The summary of this study seems to be: the number of people who are predisposed to speed is low, and the number of people with a gene that blocks full development of speed is high, therefore evolution favours endurance running.
Is it just me, or does this seem like somewhat of a stretch? When the span of physical activities of our species is considered, the importance of combat and/or sport in various societies throughout history, and the role of speed in the success of these, it seems counter-intuitive to say that those who achieve greatly are being bred out.
It strikes me as being akin to saying that because physical beauty (in an extreme) is such a rare trait that we're evolving past it, or have left it behind. There's something off about using rarity of occurrance as the root of a theory -- if I'm reading this correctly.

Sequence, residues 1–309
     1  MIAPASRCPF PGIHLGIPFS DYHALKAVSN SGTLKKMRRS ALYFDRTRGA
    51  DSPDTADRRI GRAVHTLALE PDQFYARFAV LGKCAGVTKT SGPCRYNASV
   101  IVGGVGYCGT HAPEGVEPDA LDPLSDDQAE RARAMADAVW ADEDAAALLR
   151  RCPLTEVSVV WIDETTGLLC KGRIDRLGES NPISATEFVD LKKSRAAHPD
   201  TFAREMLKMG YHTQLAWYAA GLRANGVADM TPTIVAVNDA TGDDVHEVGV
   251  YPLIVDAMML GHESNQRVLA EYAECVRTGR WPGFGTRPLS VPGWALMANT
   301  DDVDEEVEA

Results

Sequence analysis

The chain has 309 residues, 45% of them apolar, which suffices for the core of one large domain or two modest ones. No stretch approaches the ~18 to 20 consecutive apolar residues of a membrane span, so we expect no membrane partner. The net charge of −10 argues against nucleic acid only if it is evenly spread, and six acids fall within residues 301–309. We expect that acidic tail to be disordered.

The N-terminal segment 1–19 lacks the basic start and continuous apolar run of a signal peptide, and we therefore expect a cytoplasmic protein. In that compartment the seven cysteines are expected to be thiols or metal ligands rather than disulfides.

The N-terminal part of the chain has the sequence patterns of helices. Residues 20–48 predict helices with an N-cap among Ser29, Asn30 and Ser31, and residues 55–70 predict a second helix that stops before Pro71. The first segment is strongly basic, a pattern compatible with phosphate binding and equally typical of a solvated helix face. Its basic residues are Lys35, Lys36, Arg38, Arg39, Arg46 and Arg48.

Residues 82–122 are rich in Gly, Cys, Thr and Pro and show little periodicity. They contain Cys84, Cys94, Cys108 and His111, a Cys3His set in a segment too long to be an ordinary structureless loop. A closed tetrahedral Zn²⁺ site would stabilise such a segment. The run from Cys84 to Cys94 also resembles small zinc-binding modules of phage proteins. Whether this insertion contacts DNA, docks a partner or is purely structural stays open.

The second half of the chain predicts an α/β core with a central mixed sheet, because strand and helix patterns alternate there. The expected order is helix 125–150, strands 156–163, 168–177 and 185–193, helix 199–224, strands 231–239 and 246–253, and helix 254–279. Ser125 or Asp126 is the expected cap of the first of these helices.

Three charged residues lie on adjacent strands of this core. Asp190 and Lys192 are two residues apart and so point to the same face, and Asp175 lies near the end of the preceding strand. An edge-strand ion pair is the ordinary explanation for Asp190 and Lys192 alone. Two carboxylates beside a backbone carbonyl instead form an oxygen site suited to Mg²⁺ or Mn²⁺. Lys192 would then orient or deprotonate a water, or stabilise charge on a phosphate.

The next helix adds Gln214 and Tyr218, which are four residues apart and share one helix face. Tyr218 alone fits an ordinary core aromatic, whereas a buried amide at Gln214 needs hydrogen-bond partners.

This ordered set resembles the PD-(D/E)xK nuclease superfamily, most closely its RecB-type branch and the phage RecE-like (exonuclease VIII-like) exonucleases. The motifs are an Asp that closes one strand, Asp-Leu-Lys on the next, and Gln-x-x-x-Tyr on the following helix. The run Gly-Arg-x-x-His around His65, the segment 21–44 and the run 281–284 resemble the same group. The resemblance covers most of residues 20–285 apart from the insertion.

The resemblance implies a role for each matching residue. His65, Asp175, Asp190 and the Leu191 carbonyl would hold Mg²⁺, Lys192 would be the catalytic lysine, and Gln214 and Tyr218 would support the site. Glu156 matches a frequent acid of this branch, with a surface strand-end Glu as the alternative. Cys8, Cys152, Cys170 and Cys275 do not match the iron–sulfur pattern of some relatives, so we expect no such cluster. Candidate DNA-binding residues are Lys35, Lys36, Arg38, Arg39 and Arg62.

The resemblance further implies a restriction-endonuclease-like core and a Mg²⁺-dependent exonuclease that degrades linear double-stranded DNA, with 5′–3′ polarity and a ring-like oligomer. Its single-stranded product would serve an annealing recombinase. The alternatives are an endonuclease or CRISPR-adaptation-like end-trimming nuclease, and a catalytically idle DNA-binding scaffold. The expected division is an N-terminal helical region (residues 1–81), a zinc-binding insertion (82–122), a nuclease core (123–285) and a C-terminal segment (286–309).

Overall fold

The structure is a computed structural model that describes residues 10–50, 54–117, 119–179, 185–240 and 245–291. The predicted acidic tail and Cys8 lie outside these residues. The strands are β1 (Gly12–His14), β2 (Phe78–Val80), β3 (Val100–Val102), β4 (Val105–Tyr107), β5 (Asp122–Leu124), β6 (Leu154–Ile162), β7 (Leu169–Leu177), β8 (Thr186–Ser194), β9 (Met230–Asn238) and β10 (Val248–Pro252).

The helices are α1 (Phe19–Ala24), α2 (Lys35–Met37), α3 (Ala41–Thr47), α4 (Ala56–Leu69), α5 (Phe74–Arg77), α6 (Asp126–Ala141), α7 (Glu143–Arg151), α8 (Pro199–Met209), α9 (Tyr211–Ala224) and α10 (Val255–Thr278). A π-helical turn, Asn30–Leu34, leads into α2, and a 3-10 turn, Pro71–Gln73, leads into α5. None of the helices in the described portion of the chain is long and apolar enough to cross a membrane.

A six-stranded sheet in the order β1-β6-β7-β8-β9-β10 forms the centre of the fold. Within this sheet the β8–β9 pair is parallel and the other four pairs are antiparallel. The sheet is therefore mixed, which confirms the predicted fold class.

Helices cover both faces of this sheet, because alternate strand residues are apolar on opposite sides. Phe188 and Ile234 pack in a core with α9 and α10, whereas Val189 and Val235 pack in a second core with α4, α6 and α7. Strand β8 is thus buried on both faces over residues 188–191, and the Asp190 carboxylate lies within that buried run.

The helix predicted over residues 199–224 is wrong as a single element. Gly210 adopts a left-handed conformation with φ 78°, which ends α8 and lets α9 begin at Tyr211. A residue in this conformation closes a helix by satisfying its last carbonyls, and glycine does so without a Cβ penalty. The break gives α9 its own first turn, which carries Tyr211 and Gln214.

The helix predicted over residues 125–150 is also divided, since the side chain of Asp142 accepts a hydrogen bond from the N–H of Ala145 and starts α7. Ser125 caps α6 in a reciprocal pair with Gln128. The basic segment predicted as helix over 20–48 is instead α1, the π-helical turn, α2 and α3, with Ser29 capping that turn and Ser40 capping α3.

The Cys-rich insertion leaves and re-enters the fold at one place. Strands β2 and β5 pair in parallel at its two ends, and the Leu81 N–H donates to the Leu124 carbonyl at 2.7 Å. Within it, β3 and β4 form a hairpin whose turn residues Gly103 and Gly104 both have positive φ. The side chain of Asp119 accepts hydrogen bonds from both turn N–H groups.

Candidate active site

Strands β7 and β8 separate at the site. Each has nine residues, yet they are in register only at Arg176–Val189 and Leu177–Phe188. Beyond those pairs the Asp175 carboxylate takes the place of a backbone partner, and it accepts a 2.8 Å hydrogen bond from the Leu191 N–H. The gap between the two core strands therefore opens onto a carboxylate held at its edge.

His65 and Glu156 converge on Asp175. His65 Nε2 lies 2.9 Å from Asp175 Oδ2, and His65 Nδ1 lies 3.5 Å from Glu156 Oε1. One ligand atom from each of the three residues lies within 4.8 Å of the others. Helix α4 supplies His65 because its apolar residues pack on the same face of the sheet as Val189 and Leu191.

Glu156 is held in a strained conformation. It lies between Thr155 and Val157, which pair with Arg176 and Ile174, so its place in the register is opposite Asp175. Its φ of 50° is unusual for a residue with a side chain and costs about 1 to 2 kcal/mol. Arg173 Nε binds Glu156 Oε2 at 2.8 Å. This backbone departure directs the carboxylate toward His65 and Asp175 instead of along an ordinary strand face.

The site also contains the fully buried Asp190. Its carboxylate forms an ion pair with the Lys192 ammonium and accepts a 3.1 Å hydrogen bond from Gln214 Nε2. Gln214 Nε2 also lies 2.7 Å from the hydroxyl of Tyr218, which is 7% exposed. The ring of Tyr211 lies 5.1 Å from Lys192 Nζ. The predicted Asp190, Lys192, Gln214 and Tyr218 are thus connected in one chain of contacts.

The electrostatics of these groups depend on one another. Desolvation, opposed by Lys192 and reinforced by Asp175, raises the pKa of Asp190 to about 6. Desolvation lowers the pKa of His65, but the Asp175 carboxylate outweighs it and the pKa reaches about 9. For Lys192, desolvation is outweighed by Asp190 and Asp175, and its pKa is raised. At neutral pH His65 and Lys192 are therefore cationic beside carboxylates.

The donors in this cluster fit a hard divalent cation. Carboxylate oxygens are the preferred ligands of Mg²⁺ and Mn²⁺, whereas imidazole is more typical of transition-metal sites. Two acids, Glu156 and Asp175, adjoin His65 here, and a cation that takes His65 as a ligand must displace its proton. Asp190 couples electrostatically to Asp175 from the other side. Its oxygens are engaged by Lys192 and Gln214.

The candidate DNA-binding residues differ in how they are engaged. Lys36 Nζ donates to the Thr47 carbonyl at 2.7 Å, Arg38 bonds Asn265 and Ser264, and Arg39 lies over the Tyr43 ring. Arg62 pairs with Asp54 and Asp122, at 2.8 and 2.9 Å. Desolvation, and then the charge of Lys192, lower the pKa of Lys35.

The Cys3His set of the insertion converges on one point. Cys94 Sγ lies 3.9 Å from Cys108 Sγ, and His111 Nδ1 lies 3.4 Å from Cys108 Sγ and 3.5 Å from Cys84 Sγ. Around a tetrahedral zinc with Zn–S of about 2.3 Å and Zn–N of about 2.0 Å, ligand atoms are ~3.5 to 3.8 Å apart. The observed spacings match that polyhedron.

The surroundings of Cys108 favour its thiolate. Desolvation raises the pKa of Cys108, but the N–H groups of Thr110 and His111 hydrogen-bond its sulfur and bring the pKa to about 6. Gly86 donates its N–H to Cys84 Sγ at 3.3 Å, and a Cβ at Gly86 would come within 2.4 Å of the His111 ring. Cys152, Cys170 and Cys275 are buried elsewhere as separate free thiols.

Additionally, there's the notion of our own history to examine: the claim is that this shift away from speed and toward endurance -- if indeed such a shift has really occurred -- has happened only recently in human evolutionary history.
Yet when you look at the past couple thousand years of our history, for the most part travel became very limited once domestication of livestock and crops became commonplace. What need is there for long-distance endurance running when people make little to no use of that ability?
If such a need existed, it would be more valuable in pre-agricultural times when a nomadic lifestyle may have existed without the aid of horses or other riding and pack animals to depend upon. Yet even then hunting would be more favourable for those who are capable of generating greater speed and power, much like other predatory animals.